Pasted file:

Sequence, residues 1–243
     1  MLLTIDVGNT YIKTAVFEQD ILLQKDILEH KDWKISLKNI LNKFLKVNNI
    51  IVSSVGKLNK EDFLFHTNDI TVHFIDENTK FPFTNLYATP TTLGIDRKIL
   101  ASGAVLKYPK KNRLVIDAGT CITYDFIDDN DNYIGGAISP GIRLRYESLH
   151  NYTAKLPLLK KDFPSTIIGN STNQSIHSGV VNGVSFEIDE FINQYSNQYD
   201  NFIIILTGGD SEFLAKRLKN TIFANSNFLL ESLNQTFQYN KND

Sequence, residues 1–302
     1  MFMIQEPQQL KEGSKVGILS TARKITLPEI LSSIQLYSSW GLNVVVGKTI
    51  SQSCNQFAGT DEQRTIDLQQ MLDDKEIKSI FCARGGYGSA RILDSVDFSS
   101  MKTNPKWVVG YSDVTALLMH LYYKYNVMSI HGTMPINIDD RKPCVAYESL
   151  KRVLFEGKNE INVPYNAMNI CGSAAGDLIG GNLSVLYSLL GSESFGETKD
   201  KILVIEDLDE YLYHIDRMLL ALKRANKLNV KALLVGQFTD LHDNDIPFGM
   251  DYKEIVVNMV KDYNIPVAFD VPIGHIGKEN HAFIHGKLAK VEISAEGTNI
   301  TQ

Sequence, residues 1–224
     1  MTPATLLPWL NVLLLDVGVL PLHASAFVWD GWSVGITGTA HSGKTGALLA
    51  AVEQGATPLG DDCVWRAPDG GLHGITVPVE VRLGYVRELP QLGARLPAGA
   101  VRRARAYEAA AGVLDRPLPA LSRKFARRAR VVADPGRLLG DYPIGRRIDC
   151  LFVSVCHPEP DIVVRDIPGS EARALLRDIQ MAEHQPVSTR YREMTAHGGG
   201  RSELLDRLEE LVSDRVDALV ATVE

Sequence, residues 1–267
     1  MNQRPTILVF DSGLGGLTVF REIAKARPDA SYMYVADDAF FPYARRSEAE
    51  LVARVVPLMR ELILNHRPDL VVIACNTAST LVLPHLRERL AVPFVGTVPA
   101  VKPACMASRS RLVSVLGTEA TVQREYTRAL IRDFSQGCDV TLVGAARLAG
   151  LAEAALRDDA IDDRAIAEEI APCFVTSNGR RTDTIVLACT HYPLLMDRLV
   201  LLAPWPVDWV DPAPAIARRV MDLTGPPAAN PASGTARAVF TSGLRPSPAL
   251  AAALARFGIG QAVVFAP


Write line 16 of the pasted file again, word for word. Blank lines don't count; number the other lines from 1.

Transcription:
     1  MTPATLLPWL NVLLLDVGVL PLHASAFVWD GWSVGITGTA HSGKTGALLA